Jesse Dylan Film Series Spotlights Gladstone Science

Films to be Featured on New Gladstone Website

The UCSF-affiliated Gladstone Institutes has joined forces with Jesse Dylan’s award-winning film company to raise public awareness — through a series of short films — about unmet medical needs that Gladstone scientists and supporters are addressing with a powerful blend of basic science and disease expertise.

Gladstone has been working to overcome some of the world’s most devastating illnesses for more than three decades. The independent biomedical research organization focuses on unraveling the basic fundamentals of science to find new solutions for cardiovascular, viral and neurological diseases.

"The scientists and staff working at Gladstone are on the cutting edge, in service of innovative change,” said Dylan, who is one of Bob Dylan’s sons. “Telling the story of their broad thinking, interdisciplinary methodology and daring research gives me hope that we are on the precipice of finding cures for complex diseases.”

Wondros, founded by Dylan, makes compelling films about complex topics for a variety of organizations including Harvard University, the Bill & Melinda Gates Foundation and the American Heart Association. Its 2008 “Yes We Can” presidential campaign ad about Barack Obama won an Emmy.

Each of the five short Wondros films about Gladstone features a unique component of the nonprofit’s biomedical research program. The first provides an insightful overview of Gladstone’s goal of unraveling the basics of science in order to overcome disease — all in under five minutes. Three of the four shorter films, each of which lasts fewer than 90 seconds, highlight diseases on which Gladstone focuses — those of the heart and brain, and those caused by deadly viruses. The fifth spotlights Gladstone’s revolutionary stem-cell technology work.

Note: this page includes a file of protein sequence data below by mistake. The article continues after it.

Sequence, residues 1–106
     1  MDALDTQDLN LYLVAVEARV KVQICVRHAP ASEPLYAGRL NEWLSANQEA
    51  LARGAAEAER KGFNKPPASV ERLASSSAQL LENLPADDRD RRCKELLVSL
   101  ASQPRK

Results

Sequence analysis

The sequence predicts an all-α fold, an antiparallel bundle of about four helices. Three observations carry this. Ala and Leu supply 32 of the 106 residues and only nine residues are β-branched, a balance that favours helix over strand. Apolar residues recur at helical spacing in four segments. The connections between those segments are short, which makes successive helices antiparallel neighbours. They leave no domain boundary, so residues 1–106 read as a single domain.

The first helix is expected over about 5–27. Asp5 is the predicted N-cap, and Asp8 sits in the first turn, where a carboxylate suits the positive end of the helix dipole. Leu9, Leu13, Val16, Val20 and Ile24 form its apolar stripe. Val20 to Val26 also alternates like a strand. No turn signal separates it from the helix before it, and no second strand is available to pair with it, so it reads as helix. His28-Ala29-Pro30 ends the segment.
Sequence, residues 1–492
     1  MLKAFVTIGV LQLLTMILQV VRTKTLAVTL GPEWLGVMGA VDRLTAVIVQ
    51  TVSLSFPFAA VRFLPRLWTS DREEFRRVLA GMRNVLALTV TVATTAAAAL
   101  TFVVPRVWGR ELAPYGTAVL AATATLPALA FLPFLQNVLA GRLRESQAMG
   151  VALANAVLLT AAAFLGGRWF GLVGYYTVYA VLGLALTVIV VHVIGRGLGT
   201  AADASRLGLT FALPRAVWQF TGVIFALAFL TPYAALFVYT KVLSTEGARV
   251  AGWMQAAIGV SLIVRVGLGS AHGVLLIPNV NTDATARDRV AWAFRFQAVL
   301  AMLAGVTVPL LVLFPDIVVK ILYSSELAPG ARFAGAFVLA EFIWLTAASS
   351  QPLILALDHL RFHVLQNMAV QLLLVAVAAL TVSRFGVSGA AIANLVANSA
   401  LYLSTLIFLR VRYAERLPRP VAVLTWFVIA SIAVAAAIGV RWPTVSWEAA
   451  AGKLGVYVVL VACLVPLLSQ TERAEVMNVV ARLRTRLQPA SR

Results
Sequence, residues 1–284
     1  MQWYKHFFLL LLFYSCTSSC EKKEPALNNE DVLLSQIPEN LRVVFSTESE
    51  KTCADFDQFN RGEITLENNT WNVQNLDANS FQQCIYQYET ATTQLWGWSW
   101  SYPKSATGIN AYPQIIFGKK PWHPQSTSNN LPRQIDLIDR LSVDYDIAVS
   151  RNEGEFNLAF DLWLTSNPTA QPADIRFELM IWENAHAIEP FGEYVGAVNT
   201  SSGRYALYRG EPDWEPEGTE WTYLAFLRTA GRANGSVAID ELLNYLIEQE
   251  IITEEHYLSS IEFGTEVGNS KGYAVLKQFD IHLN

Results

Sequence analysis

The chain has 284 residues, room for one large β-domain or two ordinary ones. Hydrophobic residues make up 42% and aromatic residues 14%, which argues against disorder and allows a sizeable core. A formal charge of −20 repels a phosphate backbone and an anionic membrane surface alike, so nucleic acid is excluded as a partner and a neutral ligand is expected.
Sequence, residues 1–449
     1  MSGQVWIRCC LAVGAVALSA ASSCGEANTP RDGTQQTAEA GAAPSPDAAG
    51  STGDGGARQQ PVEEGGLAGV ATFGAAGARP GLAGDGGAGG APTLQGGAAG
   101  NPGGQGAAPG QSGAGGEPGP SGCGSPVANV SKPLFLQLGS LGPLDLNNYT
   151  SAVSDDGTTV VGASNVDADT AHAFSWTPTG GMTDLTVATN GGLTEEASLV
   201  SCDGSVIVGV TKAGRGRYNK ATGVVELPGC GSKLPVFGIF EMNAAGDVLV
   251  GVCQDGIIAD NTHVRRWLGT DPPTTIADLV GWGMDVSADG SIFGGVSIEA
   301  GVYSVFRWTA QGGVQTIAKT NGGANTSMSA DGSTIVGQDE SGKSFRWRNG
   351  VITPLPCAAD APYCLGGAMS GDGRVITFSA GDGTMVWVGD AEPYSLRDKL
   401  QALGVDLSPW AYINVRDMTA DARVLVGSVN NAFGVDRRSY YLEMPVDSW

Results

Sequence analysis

Gladstone is featuring the films on the new website

“Gladstone scientists combine concern for patients with curiosity about the fundamentals of biology in a distinctive — and perhaps even unique — blend of motivation and drive,” said cardiologist R. Sanders “Sandy” Williams, MD, who became Gladstone’s president in 2010. “We expect that our new films and website will increase public awareness about the ongoing devastation caused by these diseases — and how Gladstone is making a difference.”

The movies and website are part of a Gladstone campaign to increase recognition of three global health crises — at least one of which impacts virtually every family worldwide.

Cardiovascular disease — including heart attacks and congenital heart defects — is the world’s leading cause of death. Heart failure alone afflicts more than 23 million people around the world. HIV/AIDS — which has infected more than 60 million people around the world and killed 30 million since first being identified in the early 1980s — ranks among the deadliest infectious epidemics ever recorded. Neurological conditions — including Alzheimer’s Parkinson’s and Huntington’s disease — are among the most devastating and complex illnesses plaguing mankind today. Estimates indicate that the global number of those who suffer from Alzheimer's disease will double to 34 million over the next 13 years.

“I'm very proud of what we have done and contributed — not just the science but a vision that benefits all humanity,” said Eugene “Rod” Roddenberry, a Gladstone supporter who is featured prominently in the film series. Thanks to a $5 million gift from the Roddenberry Foundation — established to honor the legacy of Rod’s father, Star Trek creator Gene Roddenberry — Gladstone last year launched the Roddenberry Center for Stem Cell Biology and Medicine. “Inspiration is the most powerful thing around — and what Gladstone scientists are doing inspires us all.”